Reduced Mitochondrial Oxidative Capacity and Increased Mitochondrial Uncoupling
Impairs Myocardial Energetics in Obesity
Authors Sihem Boudina, Sandra Sena, Brian T O'Neill, Prakash Tathireddy, Martin E Young,
and E. Dale Abel
Submitted By E. Dale Abel on 11/9/2005
Status Published
Journal Circulation
Year 2005
Date Published 10/25/2005
Volume : Pages 112 : 2686 - 2695
PubMed Reference 16246967
Abstract Obesity is a risk factor for cardiovascular disease and is strongly associated
insulin resistance and type 2 diabetes. Recent studies in obese humans and
animals demonstrated increased myocardial oxygen consumption (MVO2) and reduced
cardiac efficiency (CE). However, the underlying mechanisms remain unclear. The
present study was performed to determine if mitochondrial dysfunction and
uncoupling are responsible for reduced cardiac performance and efficiency in
ob/ob mice. Methods and Results?Cardiac function, MVO2, mitochondrial
respiration and ATP synthesis were measured in 9 week-old ob/ob and control
mouse hearts. Contractile function and MVO2 in glucose-perfused ob/ob hearts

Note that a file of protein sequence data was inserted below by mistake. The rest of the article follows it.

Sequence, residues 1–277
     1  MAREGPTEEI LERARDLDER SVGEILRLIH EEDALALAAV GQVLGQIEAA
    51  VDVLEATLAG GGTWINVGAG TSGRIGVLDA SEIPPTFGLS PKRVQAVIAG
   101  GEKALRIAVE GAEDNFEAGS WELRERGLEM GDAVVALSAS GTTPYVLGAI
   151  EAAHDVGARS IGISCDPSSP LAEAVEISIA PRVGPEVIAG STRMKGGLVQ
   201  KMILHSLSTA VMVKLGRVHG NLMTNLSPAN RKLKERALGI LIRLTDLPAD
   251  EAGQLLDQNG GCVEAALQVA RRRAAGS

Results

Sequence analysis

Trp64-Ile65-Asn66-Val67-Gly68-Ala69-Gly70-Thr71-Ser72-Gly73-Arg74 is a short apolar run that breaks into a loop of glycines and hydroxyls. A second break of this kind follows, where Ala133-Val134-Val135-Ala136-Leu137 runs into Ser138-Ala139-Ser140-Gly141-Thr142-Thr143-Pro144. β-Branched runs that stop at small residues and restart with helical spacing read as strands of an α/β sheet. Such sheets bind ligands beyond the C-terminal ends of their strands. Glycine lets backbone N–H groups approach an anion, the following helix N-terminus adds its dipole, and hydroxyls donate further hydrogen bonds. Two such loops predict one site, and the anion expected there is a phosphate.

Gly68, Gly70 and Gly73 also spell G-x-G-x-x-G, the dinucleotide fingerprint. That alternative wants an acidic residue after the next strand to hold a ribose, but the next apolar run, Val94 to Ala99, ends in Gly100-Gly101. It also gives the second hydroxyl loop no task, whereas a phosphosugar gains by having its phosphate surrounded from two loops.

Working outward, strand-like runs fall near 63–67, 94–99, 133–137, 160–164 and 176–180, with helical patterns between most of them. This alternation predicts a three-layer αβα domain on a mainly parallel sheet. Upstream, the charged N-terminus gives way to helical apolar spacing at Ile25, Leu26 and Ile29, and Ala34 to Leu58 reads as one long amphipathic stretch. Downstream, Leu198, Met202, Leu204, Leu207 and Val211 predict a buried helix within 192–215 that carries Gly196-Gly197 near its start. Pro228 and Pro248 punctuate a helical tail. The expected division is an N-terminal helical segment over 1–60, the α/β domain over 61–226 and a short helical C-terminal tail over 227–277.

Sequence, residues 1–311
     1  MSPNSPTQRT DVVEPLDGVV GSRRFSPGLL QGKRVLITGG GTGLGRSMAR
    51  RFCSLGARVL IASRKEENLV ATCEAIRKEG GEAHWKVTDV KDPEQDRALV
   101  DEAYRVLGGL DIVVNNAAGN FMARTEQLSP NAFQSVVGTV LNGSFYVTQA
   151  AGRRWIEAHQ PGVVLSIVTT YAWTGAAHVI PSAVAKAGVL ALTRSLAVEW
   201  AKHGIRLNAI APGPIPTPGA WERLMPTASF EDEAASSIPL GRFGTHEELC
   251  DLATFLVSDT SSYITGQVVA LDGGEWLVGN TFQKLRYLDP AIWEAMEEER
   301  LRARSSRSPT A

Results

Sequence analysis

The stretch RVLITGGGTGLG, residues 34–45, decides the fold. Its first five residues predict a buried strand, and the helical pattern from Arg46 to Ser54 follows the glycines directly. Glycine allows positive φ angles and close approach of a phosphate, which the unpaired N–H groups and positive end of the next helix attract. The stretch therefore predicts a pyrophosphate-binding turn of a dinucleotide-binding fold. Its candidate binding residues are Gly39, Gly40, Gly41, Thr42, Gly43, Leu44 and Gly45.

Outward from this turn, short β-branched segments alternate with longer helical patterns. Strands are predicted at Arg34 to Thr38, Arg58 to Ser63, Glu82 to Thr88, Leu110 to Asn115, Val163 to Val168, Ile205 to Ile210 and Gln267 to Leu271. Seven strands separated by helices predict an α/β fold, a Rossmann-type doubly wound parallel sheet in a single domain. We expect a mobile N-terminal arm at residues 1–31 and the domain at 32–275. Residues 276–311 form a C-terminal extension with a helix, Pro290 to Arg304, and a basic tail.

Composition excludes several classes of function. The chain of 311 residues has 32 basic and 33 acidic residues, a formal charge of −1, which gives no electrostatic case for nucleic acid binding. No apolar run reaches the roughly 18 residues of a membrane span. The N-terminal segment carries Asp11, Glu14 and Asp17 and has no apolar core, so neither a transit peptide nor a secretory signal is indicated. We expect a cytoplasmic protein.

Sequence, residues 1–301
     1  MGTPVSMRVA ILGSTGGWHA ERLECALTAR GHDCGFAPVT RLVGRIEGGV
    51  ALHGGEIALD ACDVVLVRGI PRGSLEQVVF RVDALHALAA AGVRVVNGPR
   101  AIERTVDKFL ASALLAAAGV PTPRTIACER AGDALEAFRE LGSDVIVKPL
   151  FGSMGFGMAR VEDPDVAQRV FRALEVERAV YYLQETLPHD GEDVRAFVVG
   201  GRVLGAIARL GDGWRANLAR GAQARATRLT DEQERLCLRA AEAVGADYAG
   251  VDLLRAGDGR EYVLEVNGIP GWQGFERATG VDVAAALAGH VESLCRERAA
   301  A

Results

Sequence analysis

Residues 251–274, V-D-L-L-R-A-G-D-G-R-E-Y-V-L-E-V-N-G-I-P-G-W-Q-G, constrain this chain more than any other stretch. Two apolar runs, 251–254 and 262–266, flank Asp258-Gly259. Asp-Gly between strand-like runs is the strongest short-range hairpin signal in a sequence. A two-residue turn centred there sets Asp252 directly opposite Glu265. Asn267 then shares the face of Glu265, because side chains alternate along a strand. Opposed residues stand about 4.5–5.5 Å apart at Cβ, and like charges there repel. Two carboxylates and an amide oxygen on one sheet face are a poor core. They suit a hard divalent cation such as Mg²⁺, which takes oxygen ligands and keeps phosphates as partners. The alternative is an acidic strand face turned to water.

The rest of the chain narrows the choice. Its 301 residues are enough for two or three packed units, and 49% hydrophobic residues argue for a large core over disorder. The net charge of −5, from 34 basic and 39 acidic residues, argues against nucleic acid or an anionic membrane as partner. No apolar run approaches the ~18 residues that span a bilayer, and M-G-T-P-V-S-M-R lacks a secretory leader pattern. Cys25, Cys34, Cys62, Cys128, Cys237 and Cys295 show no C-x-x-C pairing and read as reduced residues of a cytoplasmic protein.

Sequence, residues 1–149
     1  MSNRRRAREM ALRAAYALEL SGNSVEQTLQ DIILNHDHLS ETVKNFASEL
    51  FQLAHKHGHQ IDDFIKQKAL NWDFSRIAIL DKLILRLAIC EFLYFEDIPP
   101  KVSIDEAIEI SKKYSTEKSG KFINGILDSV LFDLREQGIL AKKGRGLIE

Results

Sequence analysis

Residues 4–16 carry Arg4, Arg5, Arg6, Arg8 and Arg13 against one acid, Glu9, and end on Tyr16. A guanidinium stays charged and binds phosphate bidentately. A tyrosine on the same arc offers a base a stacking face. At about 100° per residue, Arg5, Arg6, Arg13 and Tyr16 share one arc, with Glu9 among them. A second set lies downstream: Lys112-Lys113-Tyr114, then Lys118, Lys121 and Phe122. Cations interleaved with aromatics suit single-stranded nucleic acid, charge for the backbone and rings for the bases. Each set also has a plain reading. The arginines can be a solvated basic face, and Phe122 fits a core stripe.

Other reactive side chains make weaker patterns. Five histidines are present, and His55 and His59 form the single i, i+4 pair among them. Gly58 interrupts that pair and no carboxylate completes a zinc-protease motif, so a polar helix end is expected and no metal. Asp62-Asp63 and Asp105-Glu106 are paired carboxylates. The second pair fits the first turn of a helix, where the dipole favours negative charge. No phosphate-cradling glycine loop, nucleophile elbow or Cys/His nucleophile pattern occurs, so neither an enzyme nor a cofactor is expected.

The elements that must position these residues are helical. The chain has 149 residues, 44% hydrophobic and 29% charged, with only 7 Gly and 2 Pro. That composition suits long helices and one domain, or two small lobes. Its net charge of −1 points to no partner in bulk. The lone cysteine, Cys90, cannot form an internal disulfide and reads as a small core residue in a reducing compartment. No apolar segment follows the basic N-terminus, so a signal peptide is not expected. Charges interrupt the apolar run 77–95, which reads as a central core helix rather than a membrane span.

were similar to
controls under basal conditions but were reduced under high workload. Perfusion
of ob/ob hearts with glucose and palmitate increased MVO2 and reduced CE by 23%
under basal conditions, and CE remained impaired at high workload. In
glucose-perfused ob/ob hearts, mitochondrial state 3 respirations were reduced
but ATP/O ratios were unchanged. In contrast, state 3 respiration rates were
similar in ob/ob and control mitochondria from hearts perfused with palmitate
and glucose, but ATP synthesis rates and ATP/O ratios were significantly reduced
in ob/ob, suggesting
increased mitochondrial uncoupling. Pyruvate dehydrogenase activity and protein
levels of complexes I, III and V, were reduced in obese mice. Conclusions?These
data indicate that reduced mitochondrial oxidative capacity may contribute to
cardiac dysfunction in ob/ob mice. Moreover, fatty acid (FA) but not
glucose-induced mitochondrial uncoupling reduces CE in obese mice by limiting
ATP production and increasing MVO2. Key Words: Obesity, metabolism,

Investigators with authorship
E. Dale AbelUniversity of Iowa